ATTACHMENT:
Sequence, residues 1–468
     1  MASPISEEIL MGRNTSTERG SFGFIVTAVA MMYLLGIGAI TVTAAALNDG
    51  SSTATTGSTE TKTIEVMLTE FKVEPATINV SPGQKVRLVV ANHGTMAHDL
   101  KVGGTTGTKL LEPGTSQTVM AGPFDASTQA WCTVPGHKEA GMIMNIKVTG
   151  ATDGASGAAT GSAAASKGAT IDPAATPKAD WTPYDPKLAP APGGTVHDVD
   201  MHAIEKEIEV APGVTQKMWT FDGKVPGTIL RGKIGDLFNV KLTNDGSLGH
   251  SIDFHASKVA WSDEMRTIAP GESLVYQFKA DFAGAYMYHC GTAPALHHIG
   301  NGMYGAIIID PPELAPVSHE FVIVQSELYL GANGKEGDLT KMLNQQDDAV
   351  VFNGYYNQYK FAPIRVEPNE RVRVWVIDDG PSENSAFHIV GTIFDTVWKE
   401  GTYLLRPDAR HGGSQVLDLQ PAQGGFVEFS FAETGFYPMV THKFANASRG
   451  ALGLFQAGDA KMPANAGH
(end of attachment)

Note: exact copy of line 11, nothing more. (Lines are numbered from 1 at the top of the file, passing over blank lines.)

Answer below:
   451  ALGLFQAGDA KMPANAGH